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Andrew Chalk is a Dallas-based author who writes about wine, spirits, beer, food, restaurants, wineries and destinations all over the world.

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REFLECTIONS ON “DRINK NORTH TEXAS’

by Andrew Chalk



Last Sunday I joined over 200 wine lovers at ‘Drink North Texas’ at the Addison Conference Center to blind taste 44 wines.


The common factor across the wines was the fact that they were produced by member wineries of North Texas Wine Country (NTWC).


In North Texas (the 22 counties in a region from Dallas/Fort Worth to the Red River which is the border with Oklahoma) 26 wineries have banded together and formed this trade association with the objective of marketing their wine.


“The number of wineries in this area has exploded in the last decade but we feel we still need to get the word out that so many good wines are being made here”


Darlene Leike, Director, North Texas Wine Country.

The blind tasting was their first event. Reflecting on it, here are some thoughts.


  • It was an excellent idea to get the North Texas Wine Country name and north Texas wine out there in front of consumers;

  • It was amazing that it came together so well, so quickly. Glitches were minor at the level of the live music (a guitarist) could not be heard (towards the end I went up and asked him “When are you going to start playing”? Oddly enough, he didn’t laugh);

  • Great publicity. To get over 200 people so quickly is remarkable;

  • It was a great idea to have the blind tasting first, then lead people into a second hall where all the winemakers had booths set up serving their wines. It gave a chance for the public to see the faces behind the names;

  • Having completed this successful launch, NTWC must quickly follow up ‘while the iron is hot’;

  • In particular, nobody outside a small inner circle knows what a “North Texas Wine” is. NTWC needs to immediately design a logo to go on every bottle to indicate that it is north Texas wine. That gives the (busy) consumer an instant key that a bottle they are looking at in the store is a North Texas wine. It will take years for the government to approve a ‘North Texas’ AVA (and it may never do so) so the group must start its own identification program.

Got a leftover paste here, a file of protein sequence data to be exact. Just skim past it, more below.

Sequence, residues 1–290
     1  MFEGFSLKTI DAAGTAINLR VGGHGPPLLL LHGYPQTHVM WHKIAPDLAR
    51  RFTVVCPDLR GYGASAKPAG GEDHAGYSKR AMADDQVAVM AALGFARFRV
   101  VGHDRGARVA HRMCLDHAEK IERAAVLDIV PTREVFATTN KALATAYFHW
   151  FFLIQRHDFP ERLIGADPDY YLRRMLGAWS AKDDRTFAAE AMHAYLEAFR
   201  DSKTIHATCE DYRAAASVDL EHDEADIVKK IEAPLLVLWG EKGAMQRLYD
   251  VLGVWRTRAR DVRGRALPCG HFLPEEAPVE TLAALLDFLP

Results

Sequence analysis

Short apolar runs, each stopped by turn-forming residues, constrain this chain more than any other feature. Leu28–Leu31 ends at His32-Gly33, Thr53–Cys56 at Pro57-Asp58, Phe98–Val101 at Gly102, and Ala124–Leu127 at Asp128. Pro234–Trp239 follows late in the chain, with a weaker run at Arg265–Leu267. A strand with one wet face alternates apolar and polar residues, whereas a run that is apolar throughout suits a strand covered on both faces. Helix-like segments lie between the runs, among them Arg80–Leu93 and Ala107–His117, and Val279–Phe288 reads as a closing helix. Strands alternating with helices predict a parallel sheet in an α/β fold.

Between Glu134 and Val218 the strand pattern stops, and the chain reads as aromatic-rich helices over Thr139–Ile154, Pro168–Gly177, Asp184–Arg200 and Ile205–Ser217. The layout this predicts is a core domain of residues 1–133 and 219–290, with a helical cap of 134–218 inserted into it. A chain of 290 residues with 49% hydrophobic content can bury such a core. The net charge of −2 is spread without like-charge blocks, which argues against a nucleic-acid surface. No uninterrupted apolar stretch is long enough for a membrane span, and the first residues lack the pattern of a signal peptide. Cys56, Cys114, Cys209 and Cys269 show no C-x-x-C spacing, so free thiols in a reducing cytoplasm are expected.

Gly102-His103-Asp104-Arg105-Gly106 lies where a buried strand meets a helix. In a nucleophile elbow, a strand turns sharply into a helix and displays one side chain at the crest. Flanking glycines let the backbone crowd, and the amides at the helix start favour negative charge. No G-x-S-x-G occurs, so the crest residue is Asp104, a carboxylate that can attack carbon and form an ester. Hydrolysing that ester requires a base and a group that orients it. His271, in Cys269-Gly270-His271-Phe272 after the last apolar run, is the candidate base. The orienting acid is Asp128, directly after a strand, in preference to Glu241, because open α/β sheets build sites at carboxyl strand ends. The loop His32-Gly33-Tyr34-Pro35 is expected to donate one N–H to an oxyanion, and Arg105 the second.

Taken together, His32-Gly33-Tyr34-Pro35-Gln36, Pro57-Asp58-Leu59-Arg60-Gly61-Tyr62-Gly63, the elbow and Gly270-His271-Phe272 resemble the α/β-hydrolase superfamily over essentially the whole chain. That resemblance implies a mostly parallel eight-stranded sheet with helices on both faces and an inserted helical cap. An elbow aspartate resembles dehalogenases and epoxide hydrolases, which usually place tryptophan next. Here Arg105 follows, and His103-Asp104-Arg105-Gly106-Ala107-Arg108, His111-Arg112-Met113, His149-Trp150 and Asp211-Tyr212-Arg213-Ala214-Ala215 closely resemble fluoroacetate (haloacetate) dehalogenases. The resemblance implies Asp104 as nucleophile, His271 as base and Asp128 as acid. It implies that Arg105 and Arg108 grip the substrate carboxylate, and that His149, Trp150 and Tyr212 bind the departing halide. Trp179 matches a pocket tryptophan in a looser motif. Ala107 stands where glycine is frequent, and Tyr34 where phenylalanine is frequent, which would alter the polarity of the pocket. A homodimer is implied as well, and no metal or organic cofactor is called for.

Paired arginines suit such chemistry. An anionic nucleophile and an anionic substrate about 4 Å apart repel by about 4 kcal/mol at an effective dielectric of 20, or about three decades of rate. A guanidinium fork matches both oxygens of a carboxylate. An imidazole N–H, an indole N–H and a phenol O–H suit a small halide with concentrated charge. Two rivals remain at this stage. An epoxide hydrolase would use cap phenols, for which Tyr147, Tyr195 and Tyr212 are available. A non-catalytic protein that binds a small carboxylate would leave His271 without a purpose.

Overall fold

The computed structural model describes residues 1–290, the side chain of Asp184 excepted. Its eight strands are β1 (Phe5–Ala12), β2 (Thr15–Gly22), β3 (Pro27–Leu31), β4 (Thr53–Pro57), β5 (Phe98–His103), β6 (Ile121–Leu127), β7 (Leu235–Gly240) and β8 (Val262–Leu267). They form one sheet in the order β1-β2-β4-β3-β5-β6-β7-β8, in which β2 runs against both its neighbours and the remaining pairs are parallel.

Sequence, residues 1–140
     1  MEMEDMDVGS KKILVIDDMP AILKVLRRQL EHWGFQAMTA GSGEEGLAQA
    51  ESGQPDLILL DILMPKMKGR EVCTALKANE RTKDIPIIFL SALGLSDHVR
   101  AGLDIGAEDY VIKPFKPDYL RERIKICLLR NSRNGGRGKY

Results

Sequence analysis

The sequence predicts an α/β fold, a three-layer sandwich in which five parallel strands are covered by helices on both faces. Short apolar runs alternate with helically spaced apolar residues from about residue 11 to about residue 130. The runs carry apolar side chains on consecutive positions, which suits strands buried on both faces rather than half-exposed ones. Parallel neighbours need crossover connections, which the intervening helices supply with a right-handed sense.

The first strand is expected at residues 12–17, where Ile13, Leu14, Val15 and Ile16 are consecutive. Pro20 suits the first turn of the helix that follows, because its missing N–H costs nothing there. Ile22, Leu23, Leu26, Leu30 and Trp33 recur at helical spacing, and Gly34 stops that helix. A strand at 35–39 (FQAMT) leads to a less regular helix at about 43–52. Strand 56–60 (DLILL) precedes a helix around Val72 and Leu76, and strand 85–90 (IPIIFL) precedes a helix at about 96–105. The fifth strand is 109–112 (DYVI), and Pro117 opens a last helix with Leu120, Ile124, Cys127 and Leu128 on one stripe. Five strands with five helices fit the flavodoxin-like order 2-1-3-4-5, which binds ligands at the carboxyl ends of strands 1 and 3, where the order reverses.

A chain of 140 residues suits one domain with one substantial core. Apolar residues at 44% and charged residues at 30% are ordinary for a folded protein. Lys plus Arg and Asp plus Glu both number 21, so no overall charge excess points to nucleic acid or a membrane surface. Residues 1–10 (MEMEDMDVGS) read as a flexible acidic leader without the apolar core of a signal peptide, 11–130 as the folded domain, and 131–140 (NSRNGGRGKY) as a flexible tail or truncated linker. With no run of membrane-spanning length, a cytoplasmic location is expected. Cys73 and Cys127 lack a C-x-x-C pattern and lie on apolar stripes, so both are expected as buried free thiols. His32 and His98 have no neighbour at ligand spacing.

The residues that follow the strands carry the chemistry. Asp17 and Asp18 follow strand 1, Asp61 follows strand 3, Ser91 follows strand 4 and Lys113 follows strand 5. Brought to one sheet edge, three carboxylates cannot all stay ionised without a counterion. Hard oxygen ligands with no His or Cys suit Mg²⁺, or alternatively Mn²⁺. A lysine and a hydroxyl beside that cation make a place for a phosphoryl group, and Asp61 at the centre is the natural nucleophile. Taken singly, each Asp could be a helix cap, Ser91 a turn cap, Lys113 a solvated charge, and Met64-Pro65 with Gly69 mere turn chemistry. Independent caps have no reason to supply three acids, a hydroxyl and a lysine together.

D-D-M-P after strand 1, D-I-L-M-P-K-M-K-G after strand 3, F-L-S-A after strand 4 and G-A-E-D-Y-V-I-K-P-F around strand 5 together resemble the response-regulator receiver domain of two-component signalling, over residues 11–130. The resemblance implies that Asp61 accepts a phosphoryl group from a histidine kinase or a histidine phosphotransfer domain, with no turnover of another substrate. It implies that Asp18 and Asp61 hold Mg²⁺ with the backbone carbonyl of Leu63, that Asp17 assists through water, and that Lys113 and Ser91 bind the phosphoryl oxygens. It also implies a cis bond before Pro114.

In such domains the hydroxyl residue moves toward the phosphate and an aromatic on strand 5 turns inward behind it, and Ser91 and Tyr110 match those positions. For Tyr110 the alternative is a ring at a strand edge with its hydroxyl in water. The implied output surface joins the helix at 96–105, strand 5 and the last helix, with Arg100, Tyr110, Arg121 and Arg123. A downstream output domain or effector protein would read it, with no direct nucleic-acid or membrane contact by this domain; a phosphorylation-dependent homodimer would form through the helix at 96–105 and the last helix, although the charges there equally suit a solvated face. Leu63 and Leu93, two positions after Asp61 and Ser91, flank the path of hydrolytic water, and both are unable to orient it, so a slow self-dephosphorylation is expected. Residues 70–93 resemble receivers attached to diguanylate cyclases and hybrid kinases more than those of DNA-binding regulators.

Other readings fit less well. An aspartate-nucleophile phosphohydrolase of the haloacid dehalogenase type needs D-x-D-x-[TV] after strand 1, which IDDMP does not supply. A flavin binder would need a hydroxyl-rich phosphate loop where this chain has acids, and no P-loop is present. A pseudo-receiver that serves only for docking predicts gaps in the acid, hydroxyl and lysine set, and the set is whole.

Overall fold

• It was disappointing to see wines that were not from north Texas (e.g. a Pinot Noir labelled ‘American’ and a Paso Robles wine). They must be excluded from future events if this new group is going to have any credibility. The wines must be appellated ‘Texas’ or one of the sub-appellations. At the moment that means Texoma AVA, or one of the counties in the designated production area.

  • Lots of scope for improving the web site (which obviously reflects the group’s month long existence in its present form);

  • The group’s first hire (from its massive budget) should be a certified sommelier who goes around to every restaurant in the designated area that has at least a semi-plausible wine list and presents the group’s wines to sommeliers, beverage directors, food and beverage managers, and GMs on a sommelier-to-sommelier level. Then ask for the sale;

  • Organize a crawl for area sommeliers to show them the wineries and meet the people;

  • Change the name of the organization to something that is syntactically similar to the names used by area promotion organizations in California (e.g. ‘North Texas Winegrowers’);

  • Talk to the organizers of the best California area promotion organizations about how they ‘do it’;

  • Create a wine trail backed by an app;